A patient at a local hospital had been taking cannabidiol (CBD) oil for seizures, but rather than helping control the seizures — as expected — the oil was making the patient sick.
The Utah Poison Control Center (UPCC) picked up the oil and had it analyzed. The bottle in question didn’t contain CBD oil, as the label said, but a synthetic spice-like substance, said UPCC Director Barbara Crouch.
As a result, the UPCC and Department of Public Safety (DPS) have issued a warning regarding a product labeled as “CBD” oil that is being sold at area smoke shops.
Since early November, UPCC has received 19 reports from patients who became ill after using the oil. Patients reported an altered mental status, seizures, confusion, loss of consciousness and slurred speech after ingesting what looked like CBD oil.
Those symptoms aren’t consistent with CBD oil, said Crouch, who added that the oil, whcih is a component of the marijuana plant, isn’t supposed to have psychological properties.
The oil is authorized for restricted medical use in Utah for people with intractable seizures — also called “uncontrolled” seizures — who are diagnosed by a neurologist, according to a DPS news release. Those patients are given a hemp extraction registration card by the state of Utah.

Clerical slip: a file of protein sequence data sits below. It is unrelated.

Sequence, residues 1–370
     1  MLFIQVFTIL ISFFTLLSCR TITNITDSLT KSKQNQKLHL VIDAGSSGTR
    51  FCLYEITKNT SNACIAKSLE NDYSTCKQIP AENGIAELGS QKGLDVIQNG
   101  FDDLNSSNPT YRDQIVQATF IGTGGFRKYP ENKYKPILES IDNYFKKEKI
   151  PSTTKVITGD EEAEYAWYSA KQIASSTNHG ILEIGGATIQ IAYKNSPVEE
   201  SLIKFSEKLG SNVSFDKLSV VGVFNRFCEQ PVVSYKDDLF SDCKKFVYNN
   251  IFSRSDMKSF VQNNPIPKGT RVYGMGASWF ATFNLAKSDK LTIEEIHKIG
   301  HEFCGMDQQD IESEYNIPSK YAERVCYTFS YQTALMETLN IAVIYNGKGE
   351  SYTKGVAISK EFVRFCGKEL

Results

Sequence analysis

After hearing several reports of people getting ill, Crouch called the Utah Department of Health, which opened an investigation along with DPS and the Utah State Bureau of Investigations.
The reports came from people who had bought the oil from smoke shops across the Wasatch Front, she said.
Crouch went into a smoke shop herself, she said, and bought a bottle of the oil to investigate. The label looked similar to a common brand name, she said, but it was phony.
Investigators are working to determine where the synthetic oil originated and how it got into local smoke shops.
In the meantime, Crouch said, the biggest concern is making people “aware of the fact that this is being sold as CBD, but it’s not.”
Anyone experiencing strange symptoms from CBD oil or hemp oil is encouraged to call UPCC at 1-800-222-1222